cover image Black Bell

Black Bell

Alison C. Rollins. Copper Canyon, $22 trade paper (136p) ISBN 978-1-55659-700-8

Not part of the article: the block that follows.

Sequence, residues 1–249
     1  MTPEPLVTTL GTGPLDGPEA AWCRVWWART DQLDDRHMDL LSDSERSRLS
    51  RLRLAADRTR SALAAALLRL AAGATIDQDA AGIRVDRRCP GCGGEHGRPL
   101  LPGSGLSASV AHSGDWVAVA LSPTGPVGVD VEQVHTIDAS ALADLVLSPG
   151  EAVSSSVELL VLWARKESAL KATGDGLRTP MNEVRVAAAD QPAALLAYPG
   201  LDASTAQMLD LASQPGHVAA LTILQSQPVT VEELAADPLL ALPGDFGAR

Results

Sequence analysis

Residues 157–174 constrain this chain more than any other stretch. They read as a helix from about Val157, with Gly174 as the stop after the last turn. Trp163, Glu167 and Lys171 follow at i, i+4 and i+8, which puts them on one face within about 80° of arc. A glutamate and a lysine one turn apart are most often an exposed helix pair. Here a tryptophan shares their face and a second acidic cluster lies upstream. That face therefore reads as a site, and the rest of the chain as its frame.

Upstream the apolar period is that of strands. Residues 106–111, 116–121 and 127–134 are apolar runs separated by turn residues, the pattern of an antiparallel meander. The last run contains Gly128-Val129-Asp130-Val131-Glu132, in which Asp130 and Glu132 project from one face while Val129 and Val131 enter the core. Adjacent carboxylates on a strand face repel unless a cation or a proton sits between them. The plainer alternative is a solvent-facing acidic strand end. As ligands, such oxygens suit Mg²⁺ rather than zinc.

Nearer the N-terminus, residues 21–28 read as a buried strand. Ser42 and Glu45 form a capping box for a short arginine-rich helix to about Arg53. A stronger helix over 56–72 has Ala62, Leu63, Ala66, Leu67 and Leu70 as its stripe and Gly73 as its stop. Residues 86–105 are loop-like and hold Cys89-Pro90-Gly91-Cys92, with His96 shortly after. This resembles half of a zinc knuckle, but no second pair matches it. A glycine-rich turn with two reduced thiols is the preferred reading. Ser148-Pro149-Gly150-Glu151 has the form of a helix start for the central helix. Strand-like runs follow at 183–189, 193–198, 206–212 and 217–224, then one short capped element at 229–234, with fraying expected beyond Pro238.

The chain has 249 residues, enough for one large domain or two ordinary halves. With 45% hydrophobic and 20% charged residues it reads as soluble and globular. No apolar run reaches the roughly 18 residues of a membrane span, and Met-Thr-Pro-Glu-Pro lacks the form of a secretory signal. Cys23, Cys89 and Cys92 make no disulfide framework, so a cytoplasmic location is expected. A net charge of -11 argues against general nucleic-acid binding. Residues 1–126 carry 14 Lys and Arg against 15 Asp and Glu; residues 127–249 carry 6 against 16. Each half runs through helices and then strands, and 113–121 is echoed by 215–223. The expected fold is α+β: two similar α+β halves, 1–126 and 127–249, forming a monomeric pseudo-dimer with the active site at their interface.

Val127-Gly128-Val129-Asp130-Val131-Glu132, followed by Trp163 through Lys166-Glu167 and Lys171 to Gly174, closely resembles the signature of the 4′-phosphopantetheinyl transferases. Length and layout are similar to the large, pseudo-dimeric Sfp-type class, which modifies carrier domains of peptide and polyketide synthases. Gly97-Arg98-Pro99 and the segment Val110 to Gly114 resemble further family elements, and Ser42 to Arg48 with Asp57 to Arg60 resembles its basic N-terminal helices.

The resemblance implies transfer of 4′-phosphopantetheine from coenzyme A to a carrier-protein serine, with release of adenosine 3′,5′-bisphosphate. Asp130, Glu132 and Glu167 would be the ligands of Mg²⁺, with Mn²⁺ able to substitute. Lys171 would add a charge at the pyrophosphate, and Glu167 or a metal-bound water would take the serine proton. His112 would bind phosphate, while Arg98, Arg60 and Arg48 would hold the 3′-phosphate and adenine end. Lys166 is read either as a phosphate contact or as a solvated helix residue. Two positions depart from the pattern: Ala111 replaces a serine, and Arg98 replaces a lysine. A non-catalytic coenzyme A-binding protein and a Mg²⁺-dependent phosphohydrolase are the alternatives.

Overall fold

The astute second collection from Rollins (Library of Small Catastrophes) delivers an unsettling encounter with American history and its reverberations into the present. Taking its title from the practice of enslavers attaching iron bells on rods to enslaved people to prevent them from escaping, the collection plumbs the relationship between sound, Blackness, and performance as possible avenues for ongoing resistance and liberation. The first entry, “A Bell is a Messenger of Time,” suggests that the unjust entanglements of the past continue to haunt: “Barnacle bells. Irremovable attachments. Even when I ghost you, you still hear me.” Rollins draws on more recent technologies to call to mind current issues surrounding racial bias, as in the poem “Phillis Wheatley Takes a Turing Test,” which includes instructions for one of its two voices to be read “via a computer-generated or synthetic voice,” as though AI gets to determine whether the foundational poet of the African American tradition is, in fact, human. Formally inventive poems incorporate diagrams, such as “Hymn of Inscape,” inspired by Harriet Jacobs’s and Henry “Box” Brown’s unconventional and harrowing escapes from slavery: “A nation is an open secret/ ...To escape is to sing.” It adds up to an unflinching and incisive compilation. (Apr.)